I understand gigahertz, gigabytes, but not gigaflops.
Floatingpoint operations per second. Basically a number to express how powerful a computer is. The more operations a computer can do per second the faster/more powerful the computer is. And the floating point system is a way computers often handle numbers.
Let’s decipher what those letters mean – FLOPS – Floating Point Operations Per Second.
Floating Point is a type of number that processing unit can do calculations with. FP means it’s specially formated decimal value. In contrast to integers, it can be a value in very large range, from very small numbers to very large.
With flops we describe how many calculations with “decimal” numbers can a computer do.
Everyone else has pretty much explained the basics of what FLOPS are. Floating point operations per second.
It’s a quick and dirty way of expressing the computing power of a computer or processor, typically it’s used in advertising as a quick and simple way of saying “Hey, this GPU/graphics card is the many time more powerful than this other one because the number of FLOPS is bigger!”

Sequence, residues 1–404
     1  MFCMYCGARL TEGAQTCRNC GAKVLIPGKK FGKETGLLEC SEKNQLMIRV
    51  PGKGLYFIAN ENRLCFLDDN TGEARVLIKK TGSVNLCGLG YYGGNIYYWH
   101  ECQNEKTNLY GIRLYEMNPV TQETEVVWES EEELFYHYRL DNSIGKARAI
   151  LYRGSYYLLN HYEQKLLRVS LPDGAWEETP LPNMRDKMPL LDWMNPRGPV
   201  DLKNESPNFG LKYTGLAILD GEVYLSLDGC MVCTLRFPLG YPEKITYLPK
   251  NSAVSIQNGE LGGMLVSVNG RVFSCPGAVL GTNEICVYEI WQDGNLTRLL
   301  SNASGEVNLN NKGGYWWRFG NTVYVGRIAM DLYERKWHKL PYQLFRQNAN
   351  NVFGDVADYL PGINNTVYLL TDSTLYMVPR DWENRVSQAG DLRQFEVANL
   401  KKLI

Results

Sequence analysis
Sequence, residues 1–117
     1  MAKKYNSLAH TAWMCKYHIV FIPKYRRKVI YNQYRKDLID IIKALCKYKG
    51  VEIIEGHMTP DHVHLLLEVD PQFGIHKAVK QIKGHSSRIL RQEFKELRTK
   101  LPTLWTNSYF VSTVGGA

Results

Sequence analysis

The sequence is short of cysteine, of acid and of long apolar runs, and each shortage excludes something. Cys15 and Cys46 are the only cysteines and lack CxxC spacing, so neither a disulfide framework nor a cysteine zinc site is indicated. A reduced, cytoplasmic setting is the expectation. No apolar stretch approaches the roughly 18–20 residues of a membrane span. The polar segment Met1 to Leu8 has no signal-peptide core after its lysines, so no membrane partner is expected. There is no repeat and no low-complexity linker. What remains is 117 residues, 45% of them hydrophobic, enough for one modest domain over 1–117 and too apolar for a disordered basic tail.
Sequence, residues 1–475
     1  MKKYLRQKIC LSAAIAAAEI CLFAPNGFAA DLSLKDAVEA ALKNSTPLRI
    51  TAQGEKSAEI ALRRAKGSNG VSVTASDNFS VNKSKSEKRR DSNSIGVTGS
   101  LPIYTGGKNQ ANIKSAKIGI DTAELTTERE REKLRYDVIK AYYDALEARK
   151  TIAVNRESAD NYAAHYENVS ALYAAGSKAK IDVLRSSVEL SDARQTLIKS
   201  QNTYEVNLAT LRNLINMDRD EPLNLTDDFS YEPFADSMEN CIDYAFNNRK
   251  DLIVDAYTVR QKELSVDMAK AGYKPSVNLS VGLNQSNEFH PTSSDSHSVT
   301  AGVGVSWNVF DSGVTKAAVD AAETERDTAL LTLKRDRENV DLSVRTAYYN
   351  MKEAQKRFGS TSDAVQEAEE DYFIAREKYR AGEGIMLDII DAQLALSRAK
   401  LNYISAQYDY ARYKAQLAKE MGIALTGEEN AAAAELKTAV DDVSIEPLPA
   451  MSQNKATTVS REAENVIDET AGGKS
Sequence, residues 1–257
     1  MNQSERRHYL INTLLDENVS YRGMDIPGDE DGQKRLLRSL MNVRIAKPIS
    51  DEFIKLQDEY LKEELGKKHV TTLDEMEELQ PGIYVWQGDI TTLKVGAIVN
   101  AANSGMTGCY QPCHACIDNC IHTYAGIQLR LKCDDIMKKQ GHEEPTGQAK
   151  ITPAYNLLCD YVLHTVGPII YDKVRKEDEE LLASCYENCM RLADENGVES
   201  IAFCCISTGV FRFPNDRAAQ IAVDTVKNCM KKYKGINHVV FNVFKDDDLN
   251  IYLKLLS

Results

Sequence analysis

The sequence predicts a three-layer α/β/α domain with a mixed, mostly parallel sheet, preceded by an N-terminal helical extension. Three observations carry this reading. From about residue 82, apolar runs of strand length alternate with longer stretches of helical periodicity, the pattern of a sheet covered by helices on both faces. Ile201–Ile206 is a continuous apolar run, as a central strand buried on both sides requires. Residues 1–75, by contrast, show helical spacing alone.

Some processors and GPUs can do floating point arithmetic (fractions) in hardware, which is fast. Some chips have to do floating point arithmetic using integers, which is much slower.
Many applications, like video games, require floating point arithmetic, so a good measure of how useful the chip will be is floating point operations per second, or flops.
A “flop” is short for “floating point operation”. Floating point numbers are a type of number representation in computers, similar to scientific exponential notation (such as 3600 = 3.6e3).
FLOPS (or FLOP/s) tells you how many operations on floating point numbers a computer can do per second. A gigaflop is 1 billion flops, a teraflop is 1 trillion. The prefixes work the same for every unit.